Coronavirus shock: Greta Thunberg in ISOLATION after claiming to have COVID-19
The young climate change campaigner said she believed they caught the virus, whilst travelling by train through Europe, before governments across the continent imposed their lockdowns. On returning to Sweden, she and her actor father decided as a precaution to self-isolate for two weeks. During that period, they both began to come down with the symptoms of COVID-19.
Ms Thunberg said in an Instagram post on Tuesday that she developed mild symptoms, that included a sore throat, a cough and tiredness, before declaring that she had fully recovered.
However, her father suffered a more intense reaction from the virus, that induced a high fever.
Ms Thunberg could not say for sure that she had the virus, as only people admitted to hospital were given a test.
But she insisted that both her and her father’s symptoms were exactly the same as described by medical experts.
In a video published by the New Scientist, the 17-year-old environmental activist said: “For the last two weeks I have been isolated and then I got the virus.
“I came home from central Europe and then I isolated myself from the beginning, because I thought I might as well as I’ve been on trains…and so I don’t want to put anyone else at risk.
“But then I started feeling some symptoms after a few days. But the important thing is that I didn’t basically feel that ill.
“At the same time my father was feeling much more intense symptoms.”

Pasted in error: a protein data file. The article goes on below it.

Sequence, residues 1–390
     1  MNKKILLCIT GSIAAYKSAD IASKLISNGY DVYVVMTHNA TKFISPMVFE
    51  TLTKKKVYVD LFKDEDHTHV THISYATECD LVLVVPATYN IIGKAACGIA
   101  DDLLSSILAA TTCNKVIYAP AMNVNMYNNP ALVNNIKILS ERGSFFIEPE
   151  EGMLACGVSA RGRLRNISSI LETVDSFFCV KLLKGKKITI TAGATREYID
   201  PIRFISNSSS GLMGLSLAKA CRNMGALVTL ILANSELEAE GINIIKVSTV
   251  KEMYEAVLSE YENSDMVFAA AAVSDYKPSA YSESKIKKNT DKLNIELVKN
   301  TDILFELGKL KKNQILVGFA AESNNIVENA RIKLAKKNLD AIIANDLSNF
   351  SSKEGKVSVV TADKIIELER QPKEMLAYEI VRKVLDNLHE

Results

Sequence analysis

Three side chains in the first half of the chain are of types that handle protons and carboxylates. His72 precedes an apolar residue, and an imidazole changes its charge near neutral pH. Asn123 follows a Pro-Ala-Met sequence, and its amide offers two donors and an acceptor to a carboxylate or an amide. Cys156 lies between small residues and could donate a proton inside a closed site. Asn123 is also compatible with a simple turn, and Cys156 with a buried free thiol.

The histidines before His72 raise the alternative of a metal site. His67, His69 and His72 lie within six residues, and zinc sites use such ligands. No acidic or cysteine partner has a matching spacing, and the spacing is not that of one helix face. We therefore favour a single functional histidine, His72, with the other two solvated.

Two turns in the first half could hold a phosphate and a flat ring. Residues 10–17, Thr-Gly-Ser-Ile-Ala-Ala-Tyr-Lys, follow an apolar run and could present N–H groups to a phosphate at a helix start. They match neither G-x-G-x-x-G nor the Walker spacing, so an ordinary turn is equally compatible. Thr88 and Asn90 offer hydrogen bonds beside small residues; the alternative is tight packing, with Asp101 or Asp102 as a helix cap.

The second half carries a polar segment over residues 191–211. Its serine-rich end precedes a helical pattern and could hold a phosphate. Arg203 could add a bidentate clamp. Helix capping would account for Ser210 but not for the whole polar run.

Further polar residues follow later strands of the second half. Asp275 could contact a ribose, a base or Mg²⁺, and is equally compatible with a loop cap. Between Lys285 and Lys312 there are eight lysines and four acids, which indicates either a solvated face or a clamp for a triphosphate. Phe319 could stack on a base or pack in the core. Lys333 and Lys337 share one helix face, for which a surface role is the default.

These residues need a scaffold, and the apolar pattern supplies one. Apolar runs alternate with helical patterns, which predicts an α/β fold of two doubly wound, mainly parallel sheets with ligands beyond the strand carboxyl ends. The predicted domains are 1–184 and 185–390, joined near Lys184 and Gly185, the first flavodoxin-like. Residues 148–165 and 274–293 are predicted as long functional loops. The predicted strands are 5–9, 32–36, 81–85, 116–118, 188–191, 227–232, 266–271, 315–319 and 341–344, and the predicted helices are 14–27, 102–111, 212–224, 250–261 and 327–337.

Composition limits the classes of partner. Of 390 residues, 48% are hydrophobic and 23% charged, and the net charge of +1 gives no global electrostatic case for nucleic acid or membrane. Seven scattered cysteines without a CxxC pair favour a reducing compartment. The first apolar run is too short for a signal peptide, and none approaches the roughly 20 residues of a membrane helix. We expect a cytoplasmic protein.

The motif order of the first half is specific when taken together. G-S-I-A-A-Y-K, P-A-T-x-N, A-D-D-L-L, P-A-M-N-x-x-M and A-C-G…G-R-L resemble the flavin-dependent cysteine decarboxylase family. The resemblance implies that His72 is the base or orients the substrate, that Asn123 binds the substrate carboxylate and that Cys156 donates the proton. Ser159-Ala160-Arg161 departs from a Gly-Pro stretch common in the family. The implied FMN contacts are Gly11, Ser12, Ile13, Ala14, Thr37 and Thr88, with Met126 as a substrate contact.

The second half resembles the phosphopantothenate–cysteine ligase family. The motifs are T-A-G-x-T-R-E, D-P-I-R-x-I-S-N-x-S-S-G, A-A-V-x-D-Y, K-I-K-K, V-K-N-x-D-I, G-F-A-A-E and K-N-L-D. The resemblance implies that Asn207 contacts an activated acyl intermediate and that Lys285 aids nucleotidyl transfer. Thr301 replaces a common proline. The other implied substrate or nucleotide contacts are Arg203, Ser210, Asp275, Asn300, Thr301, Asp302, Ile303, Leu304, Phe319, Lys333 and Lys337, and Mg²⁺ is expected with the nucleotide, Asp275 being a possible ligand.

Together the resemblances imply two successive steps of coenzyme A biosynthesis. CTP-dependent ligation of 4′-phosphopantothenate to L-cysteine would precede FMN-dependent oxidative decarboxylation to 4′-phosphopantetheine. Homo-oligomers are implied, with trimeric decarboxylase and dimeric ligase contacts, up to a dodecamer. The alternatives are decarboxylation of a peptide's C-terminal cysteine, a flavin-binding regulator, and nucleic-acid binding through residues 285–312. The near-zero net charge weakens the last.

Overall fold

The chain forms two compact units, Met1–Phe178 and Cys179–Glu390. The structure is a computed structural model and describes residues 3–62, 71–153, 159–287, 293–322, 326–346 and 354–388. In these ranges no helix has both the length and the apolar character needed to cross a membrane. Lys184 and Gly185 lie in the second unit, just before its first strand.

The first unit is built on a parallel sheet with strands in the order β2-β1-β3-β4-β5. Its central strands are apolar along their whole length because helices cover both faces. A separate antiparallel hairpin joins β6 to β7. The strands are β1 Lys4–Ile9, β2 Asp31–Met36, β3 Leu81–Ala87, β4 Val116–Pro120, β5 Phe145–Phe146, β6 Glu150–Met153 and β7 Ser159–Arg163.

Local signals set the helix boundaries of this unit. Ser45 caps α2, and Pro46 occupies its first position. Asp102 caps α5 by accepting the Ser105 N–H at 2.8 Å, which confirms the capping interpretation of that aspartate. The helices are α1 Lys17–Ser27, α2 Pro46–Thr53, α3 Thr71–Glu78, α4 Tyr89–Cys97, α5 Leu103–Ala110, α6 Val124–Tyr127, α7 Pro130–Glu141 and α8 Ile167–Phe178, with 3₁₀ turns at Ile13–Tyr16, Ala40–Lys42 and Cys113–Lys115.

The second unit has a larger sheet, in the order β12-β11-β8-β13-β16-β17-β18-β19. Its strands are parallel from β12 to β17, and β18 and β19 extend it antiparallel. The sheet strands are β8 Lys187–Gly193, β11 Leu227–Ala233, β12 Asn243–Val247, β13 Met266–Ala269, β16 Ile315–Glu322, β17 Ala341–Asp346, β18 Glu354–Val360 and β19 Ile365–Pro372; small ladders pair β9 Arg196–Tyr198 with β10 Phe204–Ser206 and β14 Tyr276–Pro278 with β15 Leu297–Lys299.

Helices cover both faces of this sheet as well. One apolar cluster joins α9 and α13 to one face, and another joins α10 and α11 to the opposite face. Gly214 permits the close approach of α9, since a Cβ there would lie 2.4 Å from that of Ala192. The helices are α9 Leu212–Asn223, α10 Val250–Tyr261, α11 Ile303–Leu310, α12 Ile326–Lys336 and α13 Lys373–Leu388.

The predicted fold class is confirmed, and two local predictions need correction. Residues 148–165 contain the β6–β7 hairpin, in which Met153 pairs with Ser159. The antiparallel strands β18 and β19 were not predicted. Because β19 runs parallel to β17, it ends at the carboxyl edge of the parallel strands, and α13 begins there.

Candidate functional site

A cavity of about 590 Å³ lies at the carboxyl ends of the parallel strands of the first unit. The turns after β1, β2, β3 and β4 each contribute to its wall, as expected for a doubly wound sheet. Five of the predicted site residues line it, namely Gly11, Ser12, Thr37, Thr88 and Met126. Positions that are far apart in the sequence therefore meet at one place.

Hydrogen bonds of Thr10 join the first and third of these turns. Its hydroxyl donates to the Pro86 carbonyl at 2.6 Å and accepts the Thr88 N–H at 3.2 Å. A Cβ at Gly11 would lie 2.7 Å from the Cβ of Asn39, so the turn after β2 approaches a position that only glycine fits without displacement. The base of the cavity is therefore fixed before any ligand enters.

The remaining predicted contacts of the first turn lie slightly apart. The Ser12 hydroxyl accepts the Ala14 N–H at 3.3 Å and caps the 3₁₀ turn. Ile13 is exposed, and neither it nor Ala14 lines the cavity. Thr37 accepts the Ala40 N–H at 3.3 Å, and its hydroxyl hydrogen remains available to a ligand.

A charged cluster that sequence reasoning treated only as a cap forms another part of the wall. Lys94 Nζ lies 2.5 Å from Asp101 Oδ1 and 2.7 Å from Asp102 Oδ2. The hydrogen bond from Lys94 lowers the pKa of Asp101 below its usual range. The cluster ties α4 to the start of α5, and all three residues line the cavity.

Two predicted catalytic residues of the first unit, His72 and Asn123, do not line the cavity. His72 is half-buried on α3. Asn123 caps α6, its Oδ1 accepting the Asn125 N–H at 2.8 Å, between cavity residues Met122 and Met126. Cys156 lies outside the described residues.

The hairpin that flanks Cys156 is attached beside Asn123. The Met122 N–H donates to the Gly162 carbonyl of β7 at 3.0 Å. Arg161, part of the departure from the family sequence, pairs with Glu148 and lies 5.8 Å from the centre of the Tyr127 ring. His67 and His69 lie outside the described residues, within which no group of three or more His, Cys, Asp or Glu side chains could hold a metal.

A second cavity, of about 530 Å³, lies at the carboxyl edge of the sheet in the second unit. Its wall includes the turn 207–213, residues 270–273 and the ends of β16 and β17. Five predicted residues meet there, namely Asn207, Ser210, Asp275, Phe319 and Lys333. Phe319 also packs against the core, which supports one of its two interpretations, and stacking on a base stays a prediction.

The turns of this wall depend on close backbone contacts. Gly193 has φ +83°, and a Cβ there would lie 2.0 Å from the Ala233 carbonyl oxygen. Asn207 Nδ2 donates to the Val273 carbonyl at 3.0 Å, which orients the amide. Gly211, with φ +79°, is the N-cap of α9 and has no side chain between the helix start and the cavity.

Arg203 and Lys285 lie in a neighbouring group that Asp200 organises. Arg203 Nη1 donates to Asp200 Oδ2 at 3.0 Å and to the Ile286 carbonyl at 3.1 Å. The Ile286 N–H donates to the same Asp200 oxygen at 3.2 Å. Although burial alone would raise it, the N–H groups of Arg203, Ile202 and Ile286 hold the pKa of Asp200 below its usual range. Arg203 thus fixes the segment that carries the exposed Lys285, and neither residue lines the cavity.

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She added that she wanted to raise awareness about how easy it was to transmit the infection without realising.
The teenage campaigner explained: “I didn’t basically feel that I was ill. It could be that I was feeling unusually tired, I was coughing a bit.
“That is because I’m not in a risk group, I didn’t get it very seriously. That also is very dangerous because you don’t know you have it.
“If I wouldn’t have been for my father getting it at the same time and much more intense than me, I might not even have noticed it that I was sick.
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“Many people don’t feel symptoms at all, or very mild symptoms, but it can be contagious.
“That is something I want to communicate, that many people don’t feel symptoms at all, or very mild symptoms, but it can still be contagious.
“So you have to really practice social distancing whether you feel ill or not.”
Ms Thunberg’s remarks come as new scientific data from China shows that the number of people infected with the coronavirus but who show no or delayed symptoms is much higher than first thought.
According to classified Chinese government statistics seen by the South China Morning Post, as many as one third of those who test positive for COVID-19 are “silent carriers”.
At the end of February, China quarantined 43,000 people who had tested positive for the deadly virus, but who showed no outward signs of infection.
The number was not included in official figures, which at the time stood at 80,000.
The discovery has huge implications for the strategies employed by countries in their fight to contain the pandemic.
Increasingly, scientists believe that those showing no symptoms of the disease are still capable of transmitting the virus to others.
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